Too often we don’t try to make such an effort. Sure we may go to church practicing some pious ancient ritual, getting caught up in a spontaneous praises, or some variation of these extremes.  We read the Bible and other religious books and magazines to help us on our Christian journey.  On the surface, we know how to show people what religion we practice and how to apply our faith to just about every social concern.  My concern is that too many of us never try to go deeper than the surface show before men and confront the depths of how much we need God until, like Dr. King, circumstances drive us to a place where we can no longer run and hide.  More troubling is that we don’t even try to reach that point because we fail to recognize our real enemy, Satan and his legions, and how he makes war inside of us.  With our unwillingness to grow closer to God in this critical way, the devil is comfortable with us going through our motions.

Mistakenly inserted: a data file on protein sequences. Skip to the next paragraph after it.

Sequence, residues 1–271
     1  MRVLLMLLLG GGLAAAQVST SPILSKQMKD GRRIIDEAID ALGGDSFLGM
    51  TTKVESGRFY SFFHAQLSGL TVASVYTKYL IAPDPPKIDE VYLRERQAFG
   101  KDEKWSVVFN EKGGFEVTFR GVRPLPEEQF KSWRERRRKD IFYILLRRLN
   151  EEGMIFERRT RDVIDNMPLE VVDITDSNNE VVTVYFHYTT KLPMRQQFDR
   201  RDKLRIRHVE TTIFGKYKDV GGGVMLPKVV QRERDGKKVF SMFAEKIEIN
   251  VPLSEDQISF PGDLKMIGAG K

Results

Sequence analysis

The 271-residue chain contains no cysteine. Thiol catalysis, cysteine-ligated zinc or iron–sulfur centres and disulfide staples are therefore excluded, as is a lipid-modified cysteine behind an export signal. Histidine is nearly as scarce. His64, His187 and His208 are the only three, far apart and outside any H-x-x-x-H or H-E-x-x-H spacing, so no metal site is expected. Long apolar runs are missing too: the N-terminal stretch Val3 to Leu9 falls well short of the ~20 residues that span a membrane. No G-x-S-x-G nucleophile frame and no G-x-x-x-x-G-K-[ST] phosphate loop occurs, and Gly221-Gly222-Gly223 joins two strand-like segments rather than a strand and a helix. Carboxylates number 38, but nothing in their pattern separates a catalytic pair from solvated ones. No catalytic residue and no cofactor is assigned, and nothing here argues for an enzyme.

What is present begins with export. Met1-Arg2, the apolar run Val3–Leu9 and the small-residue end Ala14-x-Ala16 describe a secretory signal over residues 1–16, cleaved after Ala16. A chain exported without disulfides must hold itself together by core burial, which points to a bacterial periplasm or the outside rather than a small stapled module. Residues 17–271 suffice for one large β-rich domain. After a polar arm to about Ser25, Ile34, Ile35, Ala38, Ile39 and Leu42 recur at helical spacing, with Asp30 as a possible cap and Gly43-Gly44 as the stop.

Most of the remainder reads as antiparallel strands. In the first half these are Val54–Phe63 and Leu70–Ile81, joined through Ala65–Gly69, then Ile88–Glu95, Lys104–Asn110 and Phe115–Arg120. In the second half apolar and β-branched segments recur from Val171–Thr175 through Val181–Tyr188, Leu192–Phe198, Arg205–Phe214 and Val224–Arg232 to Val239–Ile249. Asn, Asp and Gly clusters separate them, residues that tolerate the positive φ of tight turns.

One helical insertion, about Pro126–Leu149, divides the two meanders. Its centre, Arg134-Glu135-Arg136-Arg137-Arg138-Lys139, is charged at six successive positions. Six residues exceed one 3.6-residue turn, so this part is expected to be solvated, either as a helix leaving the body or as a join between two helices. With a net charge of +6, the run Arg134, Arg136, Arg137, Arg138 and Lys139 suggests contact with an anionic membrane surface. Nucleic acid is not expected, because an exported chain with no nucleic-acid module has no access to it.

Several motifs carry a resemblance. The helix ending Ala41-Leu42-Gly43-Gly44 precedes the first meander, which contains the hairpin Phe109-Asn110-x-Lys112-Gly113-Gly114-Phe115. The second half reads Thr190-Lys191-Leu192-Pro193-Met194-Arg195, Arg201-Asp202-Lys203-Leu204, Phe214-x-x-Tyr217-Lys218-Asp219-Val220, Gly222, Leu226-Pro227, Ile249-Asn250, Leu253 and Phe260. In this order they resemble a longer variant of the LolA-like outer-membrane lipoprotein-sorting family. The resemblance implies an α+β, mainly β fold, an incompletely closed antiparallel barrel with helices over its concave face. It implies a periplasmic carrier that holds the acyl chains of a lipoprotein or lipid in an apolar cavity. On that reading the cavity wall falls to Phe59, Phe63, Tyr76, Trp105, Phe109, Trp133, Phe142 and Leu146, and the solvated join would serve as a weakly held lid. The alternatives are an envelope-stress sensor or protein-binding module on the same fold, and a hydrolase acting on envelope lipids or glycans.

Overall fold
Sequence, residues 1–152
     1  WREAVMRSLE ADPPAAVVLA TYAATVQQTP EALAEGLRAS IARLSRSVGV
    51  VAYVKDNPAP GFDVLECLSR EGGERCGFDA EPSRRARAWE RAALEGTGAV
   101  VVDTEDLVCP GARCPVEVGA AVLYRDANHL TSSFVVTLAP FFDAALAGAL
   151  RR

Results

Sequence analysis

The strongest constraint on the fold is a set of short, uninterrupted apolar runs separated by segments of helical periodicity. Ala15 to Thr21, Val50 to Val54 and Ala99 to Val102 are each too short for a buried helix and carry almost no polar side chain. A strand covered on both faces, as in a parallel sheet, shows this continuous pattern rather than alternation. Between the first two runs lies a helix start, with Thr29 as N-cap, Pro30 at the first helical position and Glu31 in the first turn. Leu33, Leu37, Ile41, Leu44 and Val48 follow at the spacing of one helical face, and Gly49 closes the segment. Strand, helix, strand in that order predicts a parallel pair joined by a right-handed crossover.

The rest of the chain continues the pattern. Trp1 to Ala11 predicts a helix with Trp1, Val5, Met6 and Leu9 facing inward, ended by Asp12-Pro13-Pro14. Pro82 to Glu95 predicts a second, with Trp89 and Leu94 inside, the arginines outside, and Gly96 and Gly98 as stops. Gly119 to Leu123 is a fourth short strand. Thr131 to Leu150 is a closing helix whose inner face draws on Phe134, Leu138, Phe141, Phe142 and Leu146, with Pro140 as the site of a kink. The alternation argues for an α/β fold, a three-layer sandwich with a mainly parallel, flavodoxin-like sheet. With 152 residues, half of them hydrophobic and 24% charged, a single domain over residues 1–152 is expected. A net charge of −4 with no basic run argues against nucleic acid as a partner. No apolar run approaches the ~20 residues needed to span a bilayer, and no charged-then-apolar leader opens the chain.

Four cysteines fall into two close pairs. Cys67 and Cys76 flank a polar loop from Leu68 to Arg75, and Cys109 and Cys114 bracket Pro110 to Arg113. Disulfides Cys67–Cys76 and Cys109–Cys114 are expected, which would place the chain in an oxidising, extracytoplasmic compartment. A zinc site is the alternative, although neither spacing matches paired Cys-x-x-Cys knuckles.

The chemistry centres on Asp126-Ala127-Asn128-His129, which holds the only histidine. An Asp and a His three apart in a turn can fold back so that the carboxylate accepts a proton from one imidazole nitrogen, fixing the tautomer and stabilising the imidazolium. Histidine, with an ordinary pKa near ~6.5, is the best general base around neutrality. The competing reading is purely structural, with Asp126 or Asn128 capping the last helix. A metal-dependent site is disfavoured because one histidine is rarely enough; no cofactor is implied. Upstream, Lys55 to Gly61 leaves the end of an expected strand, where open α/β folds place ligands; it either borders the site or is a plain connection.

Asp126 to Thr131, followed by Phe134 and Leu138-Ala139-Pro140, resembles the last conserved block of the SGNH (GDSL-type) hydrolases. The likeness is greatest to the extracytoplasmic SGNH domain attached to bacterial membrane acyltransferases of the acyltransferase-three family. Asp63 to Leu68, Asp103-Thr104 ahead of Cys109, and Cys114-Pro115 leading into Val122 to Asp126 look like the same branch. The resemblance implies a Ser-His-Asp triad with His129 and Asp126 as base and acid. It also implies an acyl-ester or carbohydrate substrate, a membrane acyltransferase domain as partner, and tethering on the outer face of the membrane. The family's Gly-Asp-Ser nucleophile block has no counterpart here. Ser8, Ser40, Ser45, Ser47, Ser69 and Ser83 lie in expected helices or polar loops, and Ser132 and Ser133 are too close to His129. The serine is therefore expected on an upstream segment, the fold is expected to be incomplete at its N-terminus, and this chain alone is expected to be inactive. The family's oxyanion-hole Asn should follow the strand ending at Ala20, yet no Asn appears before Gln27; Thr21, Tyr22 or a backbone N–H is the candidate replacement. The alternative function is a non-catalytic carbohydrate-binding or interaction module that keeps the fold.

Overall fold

in thought

Contemplating this new step in my journey

This Great Lenten Fast, I have added King’s Kitchen Table to my rule of prayer. I typically do this right after dinner keeping in mind a sermon from St. John Chrysostom of how donkeys and oxen eat and go to their work while we eat so much we become useless and unable to bend our knees for prayer.  After washing the dishes, which is a form of service, I offer the first prayer of the Trisagion, to the Holy Spirit, before sitting down to the table.  Afterward, I sit and offer one ode of the Canon of St. Andrew of Crete.  I follow this up with a Psalm, the Gospel reading, and a prayer from The Veil from the Agpeya, the Coptic Book of the Hours.  The final offering is A Prayer for the Children of Africa in America written by the black abolitionist, Maria W. Stewart.  I end my time at the kitchen table by writing in my spiritual journal, examining my thoughts in light of the penitential prayers that I had offered.